Chicken with Mushrooms, Sherry and Cream

Goodness, we eat a lot of chicken. Once a week, at least. Twice if you count leftovers.

But it’s just so easy, in so many ways – it’s simple to cook, everyone wants to eat it, it’s relatively cheap, it saves well, it goes with everything. The list goes on. Also, I simply enjoy cooking it – it begins pallid, limp and unpromising and emerges sizzling and irresistible. I’ve always been a sucker for a Miraculous Transformation.

This dinner suits the weather; it’s creamy, earthy, rich, satisfying and warms you to the bones. We used chicken legs here, one each and divided into two with the help of a heavy knife, but you should use what you like – I’d recommend chicken on the bone, maybe thighs or drumsticks, because it stays effortlessly moist, but if you’d rather use breasts, go ahead and just keep a close eye on them for done-ness. If I were to make a hard-and-fast rule, I’d say that your chicken pieces must be skin-on – It would be perfectly tasty without, but you’d really be making something a little different.

The pairing of Sherry and chicken is something that never gets old for me. They just seem to marry so well. If you don’t have any in though, or would rather use something else, go ahead – I’ve made variations on this recipe using tawny port, white wine, dry cider and sake, all of which had their own charms. And, of course, if you can’t use alcohol, you can always use the equivalent amount of stock.

We ate this with brown rice, which provided an earthy, chewy foil to the rich sauce, but you wouldn’t go far wrong here with some potatoes – mashed preferably – any other grains, or even a hearty salad.

To feed four people, you will need –

– 4 skin-on chicken legs, divided into drumsticks and thighs

– A generous slice of butter

– A whole head of garlic, divided into cloves, lightly crushed, skins removed

– 2-3 portobello mushrooms, or the equivalent mass of your choice of mushroom, in half-centimetre slices

– 150ml Sherry

– 150ml whipping cream, double cream, heavy cream, or whatever they call it where you come from

– a small bunch of parsley, tough stalks removed

Preheat your oven to 200°C/180°C fan.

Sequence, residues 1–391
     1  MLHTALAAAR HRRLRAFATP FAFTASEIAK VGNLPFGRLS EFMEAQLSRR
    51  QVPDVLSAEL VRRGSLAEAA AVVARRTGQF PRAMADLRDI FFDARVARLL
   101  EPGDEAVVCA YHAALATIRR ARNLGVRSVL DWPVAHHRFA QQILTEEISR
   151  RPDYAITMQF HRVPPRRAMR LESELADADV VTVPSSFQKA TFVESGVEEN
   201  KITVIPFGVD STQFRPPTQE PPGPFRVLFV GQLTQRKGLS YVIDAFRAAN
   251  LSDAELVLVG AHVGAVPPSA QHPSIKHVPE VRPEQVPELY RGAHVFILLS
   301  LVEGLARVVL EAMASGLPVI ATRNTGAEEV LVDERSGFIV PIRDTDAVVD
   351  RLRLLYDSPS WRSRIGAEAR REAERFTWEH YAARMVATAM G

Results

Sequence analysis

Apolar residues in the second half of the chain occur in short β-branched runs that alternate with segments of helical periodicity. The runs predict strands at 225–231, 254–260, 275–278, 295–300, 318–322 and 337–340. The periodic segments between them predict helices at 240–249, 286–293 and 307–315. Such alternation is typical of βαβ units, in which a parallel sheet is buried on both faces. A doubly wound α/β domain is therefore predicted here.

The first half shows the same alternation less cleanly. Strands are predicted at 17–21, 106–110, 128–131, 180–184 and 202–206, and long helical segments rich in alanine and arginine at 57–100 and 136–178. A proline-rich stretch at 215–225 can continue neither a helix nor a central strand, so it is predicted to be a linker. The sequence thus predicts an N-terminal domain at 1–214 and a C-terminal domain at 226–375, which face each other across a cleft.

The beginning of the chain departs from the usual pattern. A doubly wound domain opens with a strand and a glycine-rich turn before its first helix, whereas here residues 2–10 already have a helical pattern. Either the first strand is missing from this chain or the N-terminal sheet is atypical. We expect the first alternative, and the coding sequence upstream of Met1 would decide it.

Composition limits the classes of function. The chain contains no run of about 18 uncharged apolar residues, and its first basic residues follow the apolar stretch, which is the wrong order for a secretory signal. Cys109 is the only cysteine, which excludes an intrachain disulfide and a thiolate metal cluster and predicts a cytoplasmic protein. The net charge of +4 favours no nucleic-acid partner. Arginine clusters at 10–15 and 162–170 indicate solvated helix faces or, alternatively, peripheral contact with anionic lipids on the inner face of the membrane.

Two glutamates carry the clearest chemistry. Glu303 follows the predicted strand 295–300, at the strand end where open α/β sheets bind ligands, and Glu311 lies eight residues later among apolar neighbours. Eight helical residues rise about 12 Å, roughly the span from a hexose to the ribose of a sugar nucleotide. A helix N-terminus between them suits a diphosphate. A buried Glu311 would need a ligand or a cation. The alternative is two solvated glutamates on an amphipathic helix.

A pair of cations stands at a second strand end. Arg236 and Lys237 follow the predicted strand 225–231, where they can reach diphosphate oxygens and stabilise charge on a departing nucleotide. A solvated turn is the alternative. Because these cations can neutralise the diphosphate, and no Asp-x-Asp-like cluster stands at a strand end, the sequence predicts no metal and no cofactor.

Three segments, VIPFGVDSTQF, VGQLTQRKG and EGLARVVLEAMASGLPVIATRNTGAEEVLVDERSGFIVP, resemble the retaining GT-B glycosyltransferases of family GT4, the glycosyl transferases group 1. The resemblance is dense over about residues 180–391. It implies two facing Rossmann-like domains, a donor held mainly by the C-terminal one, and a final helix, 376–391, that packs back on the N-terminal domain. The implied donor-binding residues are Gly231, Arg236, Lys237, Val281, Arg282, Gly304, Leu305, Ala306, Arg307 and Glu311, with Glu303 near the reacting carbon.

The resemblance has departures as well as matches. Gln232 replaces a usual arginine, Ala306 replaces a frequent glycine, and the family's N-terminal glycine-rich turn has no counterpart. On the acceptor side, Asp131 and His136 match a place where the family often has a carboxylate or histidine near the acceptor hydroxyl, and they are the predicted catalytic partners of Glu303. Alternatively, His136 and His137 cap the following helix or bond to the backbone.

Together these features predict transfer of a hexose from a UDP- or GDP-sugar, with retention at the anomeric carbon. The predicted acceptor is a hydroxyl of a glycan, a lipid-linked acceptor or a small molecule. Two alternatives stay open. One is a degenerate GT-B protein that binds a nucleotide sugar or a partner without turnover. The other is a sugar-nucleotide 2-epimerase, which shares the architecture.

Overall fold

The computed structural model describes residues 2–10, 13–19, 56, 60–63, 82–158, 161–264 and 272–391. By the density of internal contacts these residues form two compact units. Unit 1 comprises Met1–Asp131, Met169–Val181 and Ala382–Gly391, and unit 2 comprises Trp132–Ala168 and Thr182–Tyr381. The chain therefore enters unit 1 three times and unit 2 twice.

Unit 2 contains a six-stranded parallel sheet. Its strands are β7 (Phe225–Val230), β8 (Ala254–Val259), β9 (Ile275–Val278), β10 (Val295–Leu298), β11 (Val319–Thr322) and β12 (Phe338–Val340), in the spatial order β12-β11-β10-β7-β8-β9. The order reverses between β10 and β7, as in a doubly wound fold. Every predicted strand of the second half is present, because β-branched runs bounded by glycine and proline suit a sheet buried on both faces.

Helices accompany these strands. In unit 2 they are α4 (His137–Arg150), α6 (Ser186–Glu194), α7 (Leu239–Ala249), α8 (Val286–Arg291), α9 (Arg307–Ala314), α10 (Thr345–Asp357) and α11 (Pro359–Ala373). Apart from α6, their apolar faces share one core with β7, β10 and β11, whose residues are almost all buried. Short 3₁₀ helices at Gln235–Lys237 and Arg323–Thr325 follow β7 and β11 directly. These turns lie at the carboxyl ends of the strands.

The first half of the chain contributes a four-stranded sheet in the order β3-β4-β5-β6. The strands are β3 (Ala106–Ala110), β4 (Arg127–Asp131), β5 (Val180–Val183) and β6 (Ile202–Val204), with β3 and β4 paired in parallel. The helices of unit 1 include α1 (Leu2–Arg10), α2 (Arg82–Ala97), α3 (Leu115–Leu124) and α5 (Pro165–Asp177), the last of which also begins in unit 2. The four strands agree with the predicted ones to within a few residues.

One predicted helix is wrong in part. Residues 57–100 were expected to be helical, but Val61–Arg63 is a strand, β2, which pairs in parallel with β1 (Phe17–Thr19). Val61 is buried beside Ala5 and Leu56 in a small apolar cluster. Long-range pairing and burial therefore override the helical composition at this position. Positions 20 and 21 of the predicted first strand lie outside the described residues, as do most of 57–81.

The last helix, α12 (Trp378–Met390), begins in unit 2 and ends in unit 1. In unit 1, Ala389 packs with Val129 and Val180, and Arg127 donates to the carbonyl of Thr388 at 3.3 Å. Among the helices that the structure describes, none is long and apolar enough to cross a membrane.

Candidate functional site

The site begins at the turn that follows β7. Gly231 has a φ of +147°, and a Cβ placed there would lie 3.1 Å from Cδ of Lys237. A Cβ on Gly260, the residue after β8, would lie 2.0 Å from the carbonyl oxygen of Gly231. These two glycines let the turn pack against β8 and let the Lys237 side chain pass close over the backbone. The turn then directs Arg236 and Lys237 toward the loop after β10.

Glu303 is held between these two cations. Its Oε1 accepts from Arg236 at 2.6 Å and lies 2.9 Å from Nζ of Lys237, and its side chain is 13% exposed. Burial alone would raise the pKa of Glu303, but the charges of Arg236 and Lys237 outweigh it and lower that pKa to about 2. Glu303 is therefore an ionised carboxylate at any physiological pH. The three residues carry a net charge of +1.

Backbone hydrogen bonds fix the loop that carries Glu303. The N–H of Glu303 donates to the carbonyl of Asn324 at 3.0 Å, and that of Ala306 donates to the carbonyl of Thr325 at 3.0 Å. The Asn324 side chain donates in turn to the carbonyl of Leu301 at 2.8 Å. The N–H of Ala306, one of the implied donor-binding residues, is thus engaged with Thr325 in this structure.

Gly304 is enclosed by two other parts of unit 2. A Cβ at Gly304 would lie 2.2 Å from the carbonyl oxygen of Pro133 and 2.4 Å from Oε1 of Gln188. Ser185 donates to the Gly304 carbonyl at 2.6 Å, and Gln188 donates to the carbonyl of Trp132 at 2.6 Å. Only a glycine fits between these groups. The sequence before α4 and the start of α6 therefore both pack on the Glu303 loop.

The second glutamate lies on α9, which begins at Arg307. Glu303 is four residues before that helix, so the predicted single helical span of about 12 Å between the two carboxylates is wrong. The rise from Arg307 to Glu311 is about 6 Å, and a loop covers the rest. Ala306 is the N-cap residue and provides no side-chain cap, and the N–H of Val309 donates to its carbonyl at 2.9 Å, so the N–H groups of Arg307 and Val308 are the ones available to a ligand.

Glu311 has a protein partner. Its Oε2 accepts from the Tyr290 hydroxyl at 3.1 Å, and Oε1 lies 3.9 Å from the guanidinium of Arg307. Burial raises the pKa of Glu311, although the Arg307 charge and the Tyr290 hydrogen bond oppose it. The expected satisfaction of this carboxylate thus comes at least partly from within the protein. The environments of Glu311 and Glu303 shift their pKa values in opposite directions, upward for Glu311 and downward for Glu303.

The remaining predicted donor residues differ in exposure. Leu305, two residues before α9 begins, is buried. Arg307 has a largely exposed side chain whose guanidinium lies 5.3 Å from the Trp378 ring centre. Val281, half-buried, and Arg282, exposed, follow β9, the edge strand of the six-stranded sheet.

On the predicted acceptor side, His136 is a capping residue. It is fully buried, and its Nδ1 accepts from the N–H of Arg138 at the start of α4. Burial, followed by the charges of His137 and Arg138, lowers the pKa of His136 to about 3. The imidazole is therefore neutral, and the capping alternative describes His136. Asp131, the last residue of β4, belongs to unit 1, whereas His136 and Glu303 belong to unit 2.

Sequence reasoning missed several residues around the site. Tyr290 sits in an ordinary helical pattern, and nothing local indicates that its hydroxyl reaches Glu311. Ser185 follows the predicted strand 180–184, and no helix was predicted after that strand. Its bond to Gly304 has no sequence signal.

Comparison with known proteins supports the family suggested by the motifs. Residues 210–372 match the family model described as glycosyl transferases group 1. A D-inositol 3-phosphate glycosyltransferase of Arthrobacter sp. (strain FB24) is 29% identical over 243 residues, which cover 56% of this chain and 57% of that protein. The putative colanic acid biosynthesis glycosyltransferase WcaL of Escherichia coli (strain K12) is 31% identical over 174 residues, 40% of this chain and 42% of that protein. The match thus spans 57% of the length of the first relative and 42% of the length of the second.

Put a deep, heavy bottomed, oven-safe pan large enough to accommodate the chicken in a single layer on a fairly high heat and add your butter til it bubbles and begins to turn brown.

Put the chicken pieces into the pan skin-side down and brown the skin, seasoning the underside generously with salt and pepper. I’d recommend keeping the heat pretty high and developing some serious colour at this stage a deep, dark brown. When the skin side is done, turn them over and season that side too. Take your time with it, and remove any pieces that get to the finish-line first.

Remove the chicken and set aside, then lower the heat to medium. Put the lightly crushed garlic cloves in the pan and brown them on both sides – again, a deep satisfying colour is the aim. Throw in the sliced mushrooms and raise the heat back to high. Cook them for a few minuses giving them the odd stir, letting any water they release evaporate and allowing them to them take on a little colour.

Keeping the heat high, pour in the Sherry to deglaze, giving the bottom of the pan a good scraping with a spatula or wooden spoon to loosen any delicious crispy caramels from its surface.

Pour in the cream, stir, bring it just to a simmer, add the chicken pieces skin-side up, give the whole pan a shake, then put it in your preheated oven, uncovered, for half an hour, or until the chicken is cooked through*.

Remove the pan from the oven, loosen the sauce with a small amount of water if it seems overly thick, check the seasoning and let it sit for a couple of minutes. As it rests, roughly shred your parsley.

Immediately before serving, sprinkle over the parsley, give the pan one final, vigorous shake, then bring the lot to the table, letting everyone choose their favourite pieces, before spooning over some sauce and mushrooms.

And that’s it – a really simple single pan of food that feels more than the sum of its parts in the deliciousness of the results.

*for those fortunate enough to have a quick-read thermometer, you’re aiming for 72°C at the thickest point for absolute perfection. Otherwise, you want the juices to run clear when pierced with a knife or skewer. To be honest, this is all pretty academic unless you’re cooking using breast cuts, which are less forgiving of more general timings. If you’re using thighs, they should be nicely cooked through after half an hour unless your oven behaves very differently than mine.

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